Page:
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Do Birth Control Pills Cause Gallbladder Damage? Bayer Will Find Out -- in Court

Bayer (BAYRY) faces 4,200 lawsuits on its Yaz contraceptive franchise, more than double the number previously thought, an indicator of how fast the potential liabilities are piling up around the company's tentpole revenue driver. If a handful of "bellwether" trials go the wrong way for Bayer, that liability could spread to Teva (TEVA), which recently started making a generic version of Yaz and its sister birth control pills.

A scheduling order from the judge overseeing the federal multi-district litigation process indicated that the first of 3,700 cases in the MDL were scheduled to face juries in September 2011. Plaintiffs' lawyers say there are another 485 cases scattered through the state court system. Of the 24 bellwether cases, 12 will be gallbladder claims.

Until recently, it was believed that the cases mostly alleged that Yaz and similar Bayer pills (Yasmin, Beyaz, Natazia, Angeliq and Teva's Ocella generic) caused excessive blood clots in women, triggering pulmonary embolisms, strokes, and heart attacks, some of them fatal. But federal judge David Herndon noted that gallbladder injuries made up a significant portion of the claims. It is not clear how birth control pills might cause gallbladder disease. Historically, pills have been associated with blood clots and embolisms because the estrogen-progestin combination in them triggers clotting. Gallbladder problems are not commonly associated with blood clotting, however.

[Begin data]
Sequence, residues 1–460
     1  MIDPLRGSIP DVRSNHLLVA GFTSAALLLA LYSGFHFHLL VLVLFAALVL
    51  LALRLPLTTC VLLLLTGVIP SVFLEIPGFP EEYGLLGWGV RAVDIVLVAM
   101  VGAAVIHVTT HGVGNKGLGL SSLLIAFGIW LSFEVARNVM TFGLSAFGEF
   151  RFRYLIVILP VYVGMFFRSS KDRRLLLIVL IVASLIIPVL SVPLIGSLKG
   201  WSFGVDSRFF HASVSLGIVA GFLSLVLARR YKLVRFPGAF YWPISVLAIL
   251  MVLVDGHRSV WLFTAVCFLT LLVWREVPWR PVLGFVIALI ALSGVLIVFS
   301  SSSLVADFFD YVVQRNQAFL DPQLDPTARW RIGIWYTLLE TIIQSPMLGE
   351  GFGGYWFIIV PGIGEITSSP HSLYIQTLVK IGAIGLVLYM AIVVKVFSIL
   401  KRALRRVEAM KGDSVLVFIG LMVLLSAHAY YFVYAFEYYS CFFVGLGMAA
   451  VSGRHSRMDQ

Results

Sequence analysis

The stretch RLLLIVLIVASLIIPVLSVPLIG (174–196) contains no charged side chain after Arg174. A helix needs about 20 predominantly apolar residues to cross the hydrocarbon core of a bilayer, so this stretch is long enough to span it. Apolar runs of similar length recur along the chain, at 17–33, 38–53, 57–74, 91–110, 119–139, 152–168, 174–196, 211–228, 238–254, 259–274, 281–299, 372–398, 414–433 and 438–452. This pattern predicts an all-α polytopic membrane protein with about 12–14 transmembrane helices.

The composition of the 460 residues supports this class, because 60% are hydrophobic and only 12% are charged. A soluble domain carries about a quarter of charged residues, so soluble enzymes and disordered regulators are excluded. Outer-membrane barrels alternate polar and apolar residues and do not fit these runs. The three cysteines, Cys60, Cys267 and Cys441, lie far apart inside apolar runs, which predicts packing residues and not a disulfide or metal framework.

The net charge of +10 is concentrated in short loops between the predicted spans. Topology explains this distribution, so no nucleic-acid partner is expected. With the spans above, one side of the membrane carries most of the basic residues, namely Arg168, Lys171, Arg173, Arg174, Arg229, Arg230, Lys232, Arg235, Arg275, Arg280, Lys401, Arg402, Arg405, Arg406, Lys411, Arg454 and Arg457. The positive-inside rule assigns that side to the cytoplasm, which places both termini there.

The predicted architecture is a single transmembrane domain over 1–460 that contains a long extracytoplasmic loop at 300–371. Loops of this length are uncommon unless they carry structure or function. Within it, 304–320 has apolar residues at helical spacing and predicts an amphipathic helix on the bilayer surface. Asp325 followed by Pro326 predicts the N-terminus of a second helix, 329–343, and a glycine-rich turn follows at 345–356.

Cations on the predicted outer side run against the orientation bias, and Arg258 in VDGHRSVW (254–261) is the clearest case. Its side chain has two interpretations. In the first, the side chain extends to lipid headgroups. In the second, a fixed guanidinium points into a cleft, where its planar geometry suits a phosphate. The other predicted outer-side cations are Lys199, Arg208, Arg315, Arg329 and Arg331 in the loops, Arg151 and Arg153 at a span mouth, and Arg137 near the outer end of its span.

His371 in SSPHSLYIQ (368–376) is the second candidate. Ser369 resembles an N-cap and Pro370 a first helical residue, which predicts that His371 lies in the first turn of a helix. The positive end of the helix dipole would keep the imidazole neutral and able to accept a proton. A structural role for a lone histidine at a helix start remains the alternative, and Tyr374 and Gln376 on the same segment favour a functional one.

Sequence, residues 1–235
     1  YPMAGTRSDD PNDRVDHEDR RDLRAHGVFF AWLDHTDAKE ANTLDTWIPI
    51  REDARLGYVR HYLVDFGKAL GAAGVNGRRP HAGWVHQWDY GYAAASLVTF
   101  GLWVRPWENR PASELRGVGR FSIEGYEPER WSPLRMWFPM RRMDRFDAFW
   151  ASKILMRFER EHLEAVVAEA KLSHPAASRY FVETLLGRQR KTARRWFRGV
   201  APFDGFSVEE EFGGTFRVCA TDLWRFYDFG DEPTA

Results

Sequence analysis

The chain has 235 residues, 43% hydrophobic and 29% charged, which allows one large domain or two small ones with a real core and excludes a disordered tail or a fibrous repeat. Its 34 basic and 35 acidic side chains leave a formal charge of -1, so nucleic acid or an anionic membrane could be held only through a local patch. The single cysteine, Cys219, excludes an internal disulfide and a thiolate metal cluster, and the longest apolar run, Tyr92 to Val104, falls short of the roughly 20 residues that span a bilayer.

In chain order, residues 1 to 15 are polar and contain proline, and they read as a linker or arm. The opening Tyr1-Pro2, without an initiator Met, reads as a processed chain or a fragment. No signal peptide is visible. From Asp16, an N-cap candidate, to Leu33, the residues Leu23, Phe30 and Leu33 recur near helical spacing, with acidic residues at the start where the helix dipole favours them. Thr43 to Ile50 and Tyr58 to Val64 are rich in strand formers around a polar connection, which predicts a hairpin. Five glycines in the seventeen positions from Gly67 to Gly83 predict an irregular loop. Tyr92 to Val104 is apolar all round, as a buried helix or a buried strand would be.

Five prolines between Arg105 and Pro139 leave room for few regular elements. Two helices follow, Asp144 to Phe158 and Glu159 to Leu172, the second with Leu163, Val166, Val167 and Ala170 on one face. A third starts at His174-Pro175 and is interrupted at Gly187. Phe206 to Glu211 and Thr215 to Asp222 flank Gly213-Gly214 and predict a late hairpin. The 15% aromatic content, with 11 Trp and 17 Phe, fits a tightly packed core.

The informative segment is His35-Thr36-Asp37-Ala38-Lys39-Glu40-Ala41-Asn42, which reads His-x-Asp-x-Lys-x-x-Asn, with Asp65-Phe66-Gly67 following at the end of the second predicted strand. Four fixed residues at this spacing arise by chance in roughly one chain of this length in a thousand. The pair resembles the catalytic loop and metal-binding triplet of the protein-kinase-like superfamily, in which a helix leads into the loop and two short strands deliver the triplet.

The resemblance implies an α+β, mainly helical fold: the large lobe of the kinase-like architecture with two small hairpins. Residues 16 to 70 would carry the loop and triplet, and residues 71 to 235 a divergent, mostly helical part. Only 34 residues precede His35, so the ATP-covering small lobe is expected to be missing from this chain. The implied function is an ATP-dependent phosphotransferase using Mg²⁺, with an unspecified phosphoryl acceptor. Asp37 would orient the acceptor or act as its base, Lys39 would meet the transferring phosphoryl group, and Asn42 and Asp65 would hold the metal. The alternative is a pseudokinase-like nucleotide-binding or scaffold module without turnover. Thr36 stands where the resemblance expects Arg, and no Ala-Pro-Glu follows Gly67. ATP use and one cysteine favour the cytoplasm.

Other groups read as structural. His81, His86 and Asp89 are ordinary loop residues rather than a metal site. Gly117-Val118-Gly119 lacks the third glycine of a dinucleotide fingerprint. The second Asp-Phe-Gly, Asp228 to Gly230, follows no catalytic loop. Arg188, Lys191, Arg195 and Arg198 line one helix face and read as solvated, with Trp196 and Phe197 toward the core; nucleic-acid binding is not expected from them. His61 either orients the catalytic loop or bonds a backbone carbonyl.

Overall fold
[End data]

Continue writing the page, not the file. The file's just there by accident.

Gallbladder problems are usually associated with the five F's: Female, fat, fertile, forty, and fair. Younger women and teenagers are the main users of birth control, which should make excess risk of gallbladder problems in hormonal contraceptive users easy to demonstrate, statistically. Here's the judge's breakdown of allegations:

  • Gallbladder injuries: 43 percent
  • Venus thromboembolisms, (including pulmonary embolisms and deep vein thromboses): 40-41 percent.
  • Strokes and heart attacks: 9-10 percent
The plaintiffs lawyers don't seem to be too clear about the Yaz-gallbladder link either. In this typical complaint, the lawyer gives chapter and verse on potential causes of clotting from Yaz's specific ethinyl estradiol-drospirenone combo, and cites various studies showing greater risk for that ingredient mix. But there's zero information in the claim describing how Yaz may have triggered the eventual removal of the girl's gallbladder. Bayer denies the claims, in part because the allegations are too vague. If there's a management lesson here, it's that there is no end to the inventiveness of product injury lawyers.

With Yaz now facing generic competition, sales of the drug slipped 15 percent in Q2 2010 to €289, although it's still Bayer's second-biggest brand. Bayer has responded by rushing yet more new birth control pills to the market, including Natazia and Angeliq -- which contain similar estrogen-progestin combinations -- and Beyaz, which is Yaz plus folic acid.

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